Labour leader, Jeremy Corbyn, has been criticised for rejecting a House of Lords amendment for Britain to remain a member of the EEA (European Economic Area) after Brexit.
Instead, Mr Corbyn said Labour would push for a ‘new Single Market’ deal with the EU, giving Britain full access but without accepting all the rules, such as free movement of people.
But newspapers reported that his proposal had ‘split the party’ amid accusations that he was making a ‘fudge’ of Brexit and offering ‘weak leadership’.
The EU has already said the UK cannot have a bespoke arrangement that retains all the benefits of the Single Market without the obligations that membership entails.
But that’s exactly what both the Tory government and the Labour opposition are proposing. They are both spending energy pretending we can keep EU benefits without being a member of the EU or its Single Market.
The EU has flatly said no to such an idea.
Even before the referendum Theresa May said:
“It is not clear why other EU member states would give Britain a better deal than they themselves enjoy.”
And before the referendum, Jeremy Corbyn said:
“Labour is convinced that a vote to Remain is in the best interests of the people of this country.”
“The Labour Party is overwhelmingly for staying in.”
But whatever their positions were before 23 June 2016, they both now support Brexit, in one form or another.
Neither are willing to give Britain another chance to consider the issue.
Jeremy Corbyn has said that, “we have to respect” the referendum decision. Shadow Chancellor, John McDonnell agreed, adding that, “We must not try to re-fight the referendum or push for a second vote.”
Theresa May has also agreed, saying it wouldn’t be right to give people another vote, adding that, “people voted and politicians should respect that.”
Even though a YouGov survey published this week found that a significant majority of voters now think that the decision to leave the EU was wrong.
According to the poll, Remain now commands a lead over Leave of 47% to 40%. It’s the biggest margin for Remain since the regular survey began two years ago.
Commented our polling expert, Professor Adrian Low of Staffordshire University, “This translates into a 10.7% lead for Remain.”
And a recent poll of over 200,000 local newspaper readers showed that most Britons would now vote to remain in the European Union if there was another referendum.
But like a broken record, both May and Corbyn are stuck in a time warp, repeating their mantra of having to ‘accept the will of the people’ as expressed two years ago.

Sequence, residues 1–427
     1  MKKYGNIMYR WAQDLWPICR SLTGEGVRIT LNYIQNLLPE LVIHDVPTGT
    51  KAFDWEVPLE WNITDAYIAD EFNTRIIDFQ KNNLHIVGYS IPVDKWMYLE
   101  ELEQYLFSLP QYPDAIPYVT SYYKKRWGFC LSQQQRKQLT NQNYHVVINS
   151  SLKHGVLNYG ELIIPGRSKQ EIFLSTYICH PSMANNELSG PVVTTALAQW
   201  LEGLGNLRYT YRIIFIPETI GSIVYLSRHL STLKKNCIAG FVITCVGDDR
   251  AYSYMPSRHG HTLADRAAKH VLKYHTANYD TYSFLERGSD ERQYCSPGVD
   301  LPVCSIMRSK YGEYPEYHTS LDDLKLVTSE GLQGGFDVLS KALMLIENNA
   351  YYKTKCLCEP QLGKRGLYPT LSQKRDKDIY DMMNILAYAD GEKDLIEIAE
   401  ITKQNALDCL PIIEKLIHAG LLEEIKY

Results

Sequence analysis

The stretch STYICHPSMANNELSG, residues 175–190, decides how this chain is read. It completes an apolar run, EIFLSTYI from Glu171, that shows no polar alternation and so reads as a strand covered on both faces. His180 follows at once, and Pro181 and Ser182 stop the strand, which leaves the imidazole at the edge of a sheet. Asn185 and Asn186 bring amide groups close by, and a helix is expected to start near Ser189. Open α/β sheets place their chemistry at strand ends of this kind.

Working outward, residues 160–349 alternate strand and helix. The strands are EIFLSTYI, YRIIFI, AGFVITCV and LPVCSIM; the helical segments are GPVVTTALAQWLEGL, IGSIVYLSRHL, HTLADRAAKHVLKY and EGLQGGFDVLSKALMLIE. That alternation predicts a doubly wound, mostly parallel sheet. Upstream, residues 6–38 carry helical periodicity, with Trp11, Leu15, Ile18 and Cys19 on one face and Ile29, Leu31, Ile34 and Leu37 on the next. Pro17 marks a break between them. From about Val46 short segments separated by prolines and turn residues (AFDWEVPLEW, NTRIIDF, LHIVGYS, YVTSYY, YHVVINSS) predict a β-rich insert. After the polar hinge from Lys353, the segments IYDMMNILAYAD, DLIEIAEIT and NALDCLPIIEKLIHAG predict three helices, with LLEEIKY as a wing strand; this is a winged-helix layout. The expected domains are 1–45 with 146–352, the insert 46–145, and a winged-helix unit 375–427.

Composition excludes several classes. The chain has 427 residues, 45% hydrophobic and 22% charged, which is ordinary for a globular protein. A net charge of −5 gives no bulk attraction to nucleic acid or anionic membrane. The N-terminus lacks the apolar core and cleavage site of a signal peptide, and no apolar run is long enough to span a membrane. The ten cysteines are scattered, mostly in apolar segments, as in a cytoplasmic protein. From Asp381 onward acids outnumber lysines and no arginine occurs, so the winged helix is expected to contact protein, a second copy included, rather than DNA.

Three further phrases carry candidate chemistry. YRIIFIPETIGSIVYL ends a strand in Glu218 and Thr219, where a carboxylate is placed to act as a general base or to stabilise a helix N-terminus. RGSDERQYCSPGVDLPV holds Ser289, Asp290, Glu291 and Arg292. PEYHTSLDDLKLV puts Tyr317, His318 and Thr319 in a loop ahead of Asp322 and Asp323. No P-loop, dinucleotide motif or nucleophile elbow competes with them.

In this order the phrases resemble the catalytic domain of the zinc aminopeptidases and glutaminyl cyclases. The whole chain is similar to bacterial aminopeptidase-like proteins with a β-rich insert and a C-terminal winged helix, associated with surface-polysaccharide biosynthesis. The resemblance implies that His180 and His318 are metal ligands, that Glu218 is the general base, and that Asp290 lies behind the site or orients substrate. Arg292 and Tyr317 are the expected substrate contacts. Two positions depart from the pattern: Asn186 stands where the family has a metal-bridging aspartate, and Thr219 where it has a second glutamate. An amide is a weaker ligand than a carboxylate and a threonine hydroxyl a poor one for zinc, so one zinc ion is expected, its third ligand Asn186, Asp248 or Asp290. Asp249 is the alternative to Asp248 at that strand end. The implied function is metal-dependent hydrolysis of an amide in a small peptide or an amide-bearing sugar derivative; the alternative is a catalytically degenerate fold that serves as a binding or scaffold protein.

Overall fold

On this, both of Britain’s two main parties seem to be locked hand-in-hand with each other. Brexit has been decided, so we must stick with it, regardless, they say.
It seems so odd, since before the referendum, both the Conservative government and the Labour opposition were in complete agreement with each other: Britain should remain in the EU, because Brexit would be damaging to our country’s best interests.
How on earth did we get stuck with Brexit?
After all, Brexit used to sit on the far side-lines of politics. Indeed, the word ‘Brexit’ was only invented in 2012, and until the lead up to the 2016 referendum, most people didn’t even know what it meant. (Now it’s in the Oxford English dictionary.)
For over 40 years Britain didn’t want to leave the EU.
Britain’s membership of the EU was never previously a majority interest subject. Some on the fringes of the Conservative and Labour Parties thought Britain should leave the EU, but they were small in number.
The vast majority of MPs and members of the House of Lords strongly supported Britain’s membership of the EU, and most of them voted for Britain to remain in the European Union.
With the notable exception of the current Tory government, every single UK government and Prime Minister since we applied to join the European Community back in 1961 has supported our membership of the EEC/EU.
And for most of our membership, the vast majority of people in Britain also didn’t want Britain to leave the EU. We’d been members for around 40 years and it was not a big deal. There was not a groundswell of opinion for Britain to leave.